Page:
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Friday, September 5, 2008

Exam Preparation

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A recent study found that students answer rote-based or procedural questions relatively better than those that require application.

Caree Guidance India

Ask students the definition of speed and velocity and pat comes the reply. But ask them about the application of these concepts and they seem lost. They are well versed with definitions of perimeter and area, but ask them what these mean and they look confused.

A recent study by Assessment of Scholastic Skills through Educational Testing (ASSET) found that students across classes answer rote-based or procedural questions relatively well. The flip side is that students seem to rely on memory or learnt procedures to answer almost all questions, rather than trying to solve the unfamiliar ones.

The study also found that many practical competencies are not being developed well. For example, measurement, estimation, problem solving, general observation and day to-day language use is not up to the mark. Lastly, instead of acquiring concepts, students seem to be learning how to handle a limited number of question types. So when they come across a question similar to the one they have 'learnt', they 'jump' to the most familiar answer.

“The present education system is marks-oriented,” opines Vijay Laxmi Singh, Principal, Salwan Public School (afternoon), Delhi, adding, “Rote learning is fruitful, but it should not be confined to scoring marks alone and should be applied to real life situations as well.” Concurs Jessie Vaz, principal, Jamnabai Narsee, Mumbai, “Can we ever forget nursery rhymes and tables we learnt in KG? Though we never understood their underlying meaning, we can recall them because they were learnt by heart. Memorising,in itself,is a skill.”She adds,“Teachers also play an important role and they should not only cover the syllabus but also uncover it.”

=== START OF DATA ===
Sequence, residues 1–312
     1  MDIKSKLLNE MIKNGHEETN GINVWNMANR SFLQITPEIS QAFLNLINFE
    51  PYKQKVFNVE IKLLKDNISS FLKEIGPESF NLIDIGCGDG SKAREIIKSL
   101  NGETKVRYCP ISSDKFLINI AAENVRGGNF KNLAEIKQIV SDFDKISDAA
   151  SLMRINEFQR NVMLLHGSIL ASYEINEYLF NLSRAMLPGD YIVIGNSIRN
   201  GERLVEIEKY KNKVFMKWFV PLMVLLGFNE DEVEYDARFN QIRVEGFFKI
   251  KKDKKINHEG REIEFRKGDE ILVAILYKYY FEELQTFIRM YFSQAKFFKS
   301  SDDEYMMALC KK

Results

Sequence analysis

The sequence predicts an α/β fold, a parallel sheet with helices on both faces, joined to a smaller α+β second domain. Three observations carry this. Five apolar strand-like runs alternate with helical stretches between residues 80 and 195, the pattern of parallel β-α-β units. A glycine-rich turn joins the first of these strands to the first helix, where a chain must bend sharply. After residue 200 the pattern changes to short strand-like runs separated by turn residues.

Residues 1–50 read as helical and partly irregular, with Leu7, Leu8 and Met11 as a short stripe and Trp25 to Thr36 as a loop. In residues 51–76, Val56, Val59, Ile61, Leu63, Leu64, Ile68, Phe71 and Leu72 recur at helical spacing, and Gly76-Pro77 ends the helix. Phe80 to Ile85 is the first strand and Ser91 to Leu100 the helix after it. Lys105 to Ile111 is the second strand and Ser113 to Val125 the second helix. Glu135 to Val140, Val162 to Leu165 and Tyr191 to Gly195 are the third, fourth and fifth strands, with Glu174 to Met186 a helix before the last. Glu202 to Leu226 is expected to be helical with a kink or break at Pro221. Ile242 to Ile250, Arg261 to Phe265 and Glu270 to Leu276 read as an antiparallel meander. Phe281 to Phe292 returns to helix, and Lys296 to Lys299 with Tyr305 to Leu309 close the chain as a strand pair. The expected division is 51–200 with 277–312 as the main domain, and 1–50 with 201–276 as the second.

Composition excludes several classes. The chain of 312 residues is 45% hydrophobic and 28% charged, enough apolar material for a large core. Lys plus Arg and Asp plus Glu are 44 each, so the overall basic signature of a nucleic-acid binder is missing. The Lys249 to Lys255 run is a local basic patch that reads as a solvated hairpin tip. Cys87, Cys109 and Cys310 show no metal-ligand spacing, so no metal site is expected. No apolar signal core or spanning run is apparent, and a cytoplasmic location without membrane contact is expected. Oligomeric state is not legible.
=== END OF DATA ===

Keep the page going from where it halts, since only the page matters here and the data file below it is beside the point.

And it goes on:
Says Kanika, a class IX student, “At times, we can't do without rote learning, as in the case of languages like Sanskrit and French, but in other subjects, understanding concepts helps in better retention.”

There are some educators who are against rote learning. Sita Laxmi Vishwanath, principal, Amrita Vidyalam,Chennai,is one of them.“I strongly feel that there should be a model that encourages concepts to reach students. If a student understands concepts well, there won't be a need to mug up,” she opines, adding,“The teaching methodology should be more activity-based.”

Learning by doing can be a way to get out of this rote-learning system, feels Veena Dhyani, counsellor, Cambridge School, Noida.“A major problem with our education system is that we have class tests, unit tests, finals but there is no continuous assessment, which is imperative. Also, there are three ways by which students learn — seeing, hearing and doing. The need of the hour today is to develop and follow a curriculum that encourages learning by doing,”she recommends.


A possible solution can be, as G S S Rao, principal, Presidency School, Bangalore, puts it, “Besides the leaning process, the examination system too should be made application oriented.” Similarly, Bhushan Kumar, co-ordinator, Heritage School, Vasant Kunj also blames the system and says that it is more theoretical. “Even in subjects like maths, students mug up.”Most principals,teachers and even students feel that the education system is meant only to test one's cramming abilities, and one who lacks the skill eventually ends up scoring poorly.

Sunil Sharma


Dil Se Desi Group

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